July 4th with Developmentally Challenged Children

July4While the rest of the country eagerly awaits an exciting and fun-filled day, there are some families who will wonder how to get through the celebration. Here are the top 10 reasons why this can be so challenging.

July4 littleThe trip to see the fireworks may present the first hurdle. The closer the venue is to home, the better. There will be less echolalia, as in “Get there?Get there?” And, if you need to return early, it’s a shorter journey.

July4 little otherProblems at The Beach, The Lake, The Mountain, etc. Dangers abound. Children with sensory issues do not necessarily perceive the experience as pleasurable; and families may be hard pressed to convince a reluctant child otherwise.

July4 littleSleep. Even if you can somehow avoid the hoopla, the neighborhood is awash in sights and sounds that can keep everybody going well into the night.

July4 little otherDangerous smoke bombs, sparklers, and other explosive devices. Parents need to remain constantly vigilant, lest their affected child jumps in to join in the ‘fun’.

July4 littleCrowds. Relatives, friends, neighbors, and strangers are present in sometimes overwhelming numbers. Then, there are pets, clowns, and other terrifying distractions.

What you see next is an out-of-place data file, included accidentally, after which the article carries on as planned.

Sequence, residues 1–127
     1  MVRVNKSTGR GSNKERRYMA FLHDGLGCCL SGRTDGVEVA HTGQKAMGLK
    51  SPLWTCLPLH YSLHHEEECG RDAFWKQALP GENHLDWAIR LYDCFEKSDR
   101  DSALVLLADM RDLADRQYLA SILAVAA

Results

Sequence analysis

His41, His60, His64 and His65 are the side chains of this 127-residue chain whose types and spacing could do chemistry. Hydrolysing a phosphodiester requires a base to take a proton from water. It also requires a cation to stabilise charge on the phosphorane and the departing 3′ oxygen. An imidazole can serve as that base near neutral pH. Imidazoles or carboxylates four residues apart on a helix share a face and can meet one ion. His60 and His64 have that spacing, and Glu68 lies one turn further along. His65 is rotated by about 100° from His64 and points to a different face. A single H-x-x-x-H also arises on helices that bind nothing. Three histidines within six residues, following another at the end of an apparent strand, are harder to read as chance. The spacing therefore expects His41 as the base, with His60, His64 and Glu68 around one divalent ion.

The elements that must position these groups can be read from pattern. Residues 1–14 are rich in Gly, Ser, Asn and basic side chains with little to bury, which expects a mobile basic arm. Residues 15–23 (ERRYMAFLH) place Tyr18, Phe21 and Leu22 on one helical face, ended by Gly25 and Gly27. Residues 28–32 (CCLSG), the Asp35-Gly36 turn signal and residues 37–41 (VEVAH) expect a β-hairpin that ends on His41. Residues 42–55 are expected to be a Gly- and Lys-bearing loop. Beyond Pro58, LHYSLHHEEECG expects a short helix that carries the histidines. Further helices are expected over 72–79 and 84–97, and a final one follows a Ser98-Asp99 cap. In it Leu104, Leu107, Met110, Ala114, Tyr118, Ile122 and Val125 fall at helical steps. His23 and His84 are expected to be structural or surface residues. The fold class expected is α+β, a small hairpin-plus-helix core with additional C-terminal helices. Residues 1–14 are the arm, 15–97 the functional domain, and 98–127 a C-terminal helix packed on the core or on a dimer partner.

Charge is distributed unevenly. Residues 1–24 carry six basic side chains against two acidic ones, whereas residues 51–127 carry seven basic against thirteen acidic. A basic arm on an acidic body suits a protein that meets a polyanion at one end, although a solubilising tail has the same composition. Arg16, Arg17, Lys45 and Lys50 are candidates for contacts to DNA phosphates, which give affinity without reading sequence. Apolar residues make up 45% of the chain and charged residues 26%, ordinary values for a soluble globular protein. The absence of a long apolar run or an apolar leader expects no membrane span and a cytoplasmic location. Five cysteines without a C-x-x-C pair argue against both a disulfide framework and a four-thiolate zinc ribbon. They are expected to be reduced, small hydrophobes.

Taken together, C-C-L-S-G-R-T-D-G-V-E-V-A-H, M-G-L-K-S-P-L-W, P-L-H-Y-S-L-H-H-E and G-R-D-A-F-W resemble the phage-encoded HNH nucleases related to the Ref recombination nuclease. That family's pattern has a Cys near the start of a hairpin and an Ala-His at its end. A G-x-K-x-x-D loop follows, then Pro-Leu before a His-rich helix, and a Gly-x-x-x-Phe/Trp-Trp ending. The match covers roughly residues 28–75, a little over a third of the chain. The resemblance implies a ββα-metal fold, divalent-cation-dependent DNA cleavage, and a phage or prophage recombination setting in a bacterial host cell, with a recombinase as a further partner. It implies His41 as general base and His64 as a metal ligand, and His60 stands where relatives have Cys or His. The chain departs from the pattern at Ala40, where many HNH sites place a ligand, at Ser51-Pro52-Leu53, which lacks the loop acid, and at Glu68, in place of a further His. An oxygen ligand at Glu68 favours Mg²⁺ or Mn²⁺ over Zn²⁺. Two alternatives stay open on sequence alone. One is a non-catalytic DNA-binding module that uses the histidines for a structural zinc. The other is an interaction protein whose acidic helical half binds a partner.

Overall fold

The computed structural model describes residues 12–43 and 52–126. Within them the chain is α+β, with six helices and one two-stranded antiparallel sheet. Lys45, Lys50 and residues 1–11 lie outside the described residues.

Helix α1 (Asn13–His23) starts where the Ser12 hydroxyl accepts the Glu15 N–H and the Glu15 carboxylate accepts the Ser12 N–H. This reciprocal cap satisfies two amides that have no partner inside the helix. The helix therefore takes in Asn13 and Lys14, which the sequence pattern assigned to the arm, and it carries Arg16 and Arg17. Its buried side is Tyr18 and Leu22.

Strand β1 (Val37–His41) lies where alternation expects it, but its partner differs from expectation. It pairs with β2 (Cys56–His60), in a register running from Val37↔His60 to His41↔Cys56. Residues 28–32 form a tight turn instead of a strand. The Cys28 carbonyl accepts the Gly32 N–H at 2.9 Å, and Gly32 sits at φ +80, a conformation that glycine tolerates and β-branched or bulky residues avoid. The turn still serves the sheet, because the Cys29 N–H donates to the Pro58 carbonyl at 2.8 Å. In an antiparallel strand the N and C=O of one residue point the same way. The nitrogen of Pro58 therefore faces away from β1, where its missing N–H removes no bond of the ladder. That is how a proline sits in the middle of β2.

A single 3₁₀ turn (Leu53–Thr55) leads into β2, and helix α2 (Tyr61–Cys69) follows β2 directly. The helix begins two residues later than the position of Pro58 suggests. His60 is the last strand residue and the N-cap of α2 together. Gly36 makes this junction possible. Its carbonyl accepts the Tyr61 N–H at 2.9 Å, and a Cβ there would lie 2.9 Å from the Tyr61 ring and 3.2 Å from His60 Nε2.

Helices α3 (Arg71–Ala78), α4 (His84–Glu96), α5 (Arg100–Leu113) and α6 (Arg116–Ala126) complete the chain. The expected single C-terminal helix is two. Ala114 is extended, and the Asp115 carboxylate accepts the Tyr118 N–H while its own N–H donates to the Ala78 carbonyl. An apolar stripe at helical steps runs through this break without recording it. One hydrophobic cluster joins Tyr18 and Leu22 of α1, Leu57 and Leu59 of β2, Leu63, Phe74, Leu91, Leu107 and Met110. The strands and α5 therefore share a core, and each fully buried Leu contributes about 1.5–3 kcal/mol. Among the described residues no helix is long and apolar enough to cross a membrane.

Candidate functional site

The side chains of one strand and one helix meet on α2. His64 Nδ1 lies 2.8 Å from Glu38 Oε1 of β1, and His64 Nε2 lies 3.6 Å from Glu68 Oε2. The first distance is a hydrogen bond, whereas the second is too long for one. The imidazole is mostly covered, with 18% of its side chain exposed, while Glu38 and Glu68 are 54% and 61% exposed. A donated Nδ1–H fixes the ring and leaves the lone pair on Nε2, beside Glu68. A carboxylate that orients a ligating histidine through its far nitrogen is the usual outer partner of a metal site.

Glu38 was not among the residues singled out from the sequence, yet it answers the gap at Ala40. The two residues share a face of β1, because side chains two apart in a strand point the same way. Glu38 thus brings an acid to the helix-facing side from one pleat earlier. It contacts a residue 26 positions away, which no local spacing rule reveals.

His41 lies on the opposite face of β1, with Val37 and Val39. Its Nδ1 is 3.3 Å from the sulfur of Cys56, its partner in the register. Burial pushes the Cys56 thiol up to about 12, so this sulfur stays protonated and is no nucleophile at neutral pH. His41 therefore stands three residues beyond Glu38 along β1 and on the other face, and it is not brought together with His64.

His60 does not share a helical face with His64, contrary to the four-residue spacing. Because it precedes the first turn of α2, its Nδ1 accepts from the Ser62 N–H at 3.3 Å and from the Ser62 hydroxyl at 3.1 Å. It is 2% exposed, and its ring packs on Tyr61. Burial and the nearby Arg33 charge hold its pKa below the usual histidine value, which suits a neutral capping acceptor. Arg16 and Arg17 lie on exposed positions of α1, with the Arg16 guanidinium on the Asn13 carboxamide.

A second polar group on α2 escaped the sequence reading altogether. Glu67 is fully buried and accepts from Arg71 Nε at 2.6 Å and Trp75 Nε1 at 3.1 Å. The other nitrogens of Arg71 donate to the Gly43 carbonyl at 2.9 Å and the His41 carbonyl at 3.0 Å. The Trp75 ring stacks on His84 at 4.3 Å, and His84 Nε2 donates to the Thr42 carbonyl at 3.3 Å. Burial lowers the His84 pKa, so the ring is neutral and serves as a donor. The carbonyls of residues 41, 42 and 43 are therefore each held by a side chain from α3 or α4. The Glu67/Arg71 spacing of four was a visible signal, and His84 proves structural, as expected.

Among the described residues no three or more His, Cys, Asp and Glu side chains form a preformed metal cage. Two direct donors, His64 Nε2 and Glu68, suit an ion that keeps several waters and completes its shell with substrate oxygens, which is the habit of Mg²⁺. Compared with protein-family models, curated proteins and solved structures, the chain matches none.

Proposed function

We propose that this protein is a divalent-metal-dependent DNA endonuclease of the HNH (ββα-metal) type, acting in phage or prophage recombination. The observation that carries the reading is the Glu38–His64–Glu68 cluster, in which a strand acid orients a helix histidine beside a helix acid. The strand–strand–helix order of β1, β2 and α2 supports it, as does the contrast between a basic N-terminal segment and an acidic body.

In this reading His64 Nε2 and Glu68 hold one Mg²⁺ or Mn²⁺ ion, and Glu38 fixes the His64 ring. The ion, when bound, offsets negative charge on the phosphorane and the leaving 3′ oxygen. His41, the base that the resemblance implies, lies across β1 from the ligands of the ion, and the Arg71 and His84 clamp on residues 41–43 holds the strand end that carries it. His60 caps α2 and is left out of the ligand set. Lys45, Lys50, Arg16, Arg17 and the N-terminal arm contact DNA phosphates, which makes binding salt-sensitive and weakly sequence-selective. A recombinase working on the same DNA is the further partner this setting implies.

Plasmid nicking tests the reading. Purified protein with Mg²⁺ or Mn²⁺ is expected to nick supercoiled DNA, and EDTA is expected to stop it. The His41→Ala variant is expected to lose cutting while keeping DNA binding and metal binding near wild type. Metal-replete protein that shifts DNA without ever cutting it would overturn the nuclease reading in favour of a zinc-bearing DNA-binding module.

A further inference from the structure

July4 little otherParades. Waiting in line and jockeying to improve visibility of revelry that the children may not understand – or even look at – sometimes seems pointless and counterproductive.

July4 littleThe heat, mosquitoes, and outdoor environment can create more than the expected amount of whining, complaints, and rashes.

July4 little otherOff schedule activities. Often, children get used to any type of routine – even in the summertime. This becomes another day to explain why “We can’t do… this or that.”

July4 littleThe food. Many parents have to choose between enforcing a restricted diet, or letting a child ‘cheat’, perhaps leading to aggressive behaviors in the ensuing hours and days.

July4 little otherThe Fireworks! Really loud noises and flashing lights that may terrify even neurotypical youngsters. Not fun for all.

Our national holiday is supposed to be a joyous family affair, and is often remembered fondly. Parents hope to pass the experience on to the next generation. In certain circumstances, the atypical child presents novel tribulations – including more than a few that couldn’t have even been imagined.

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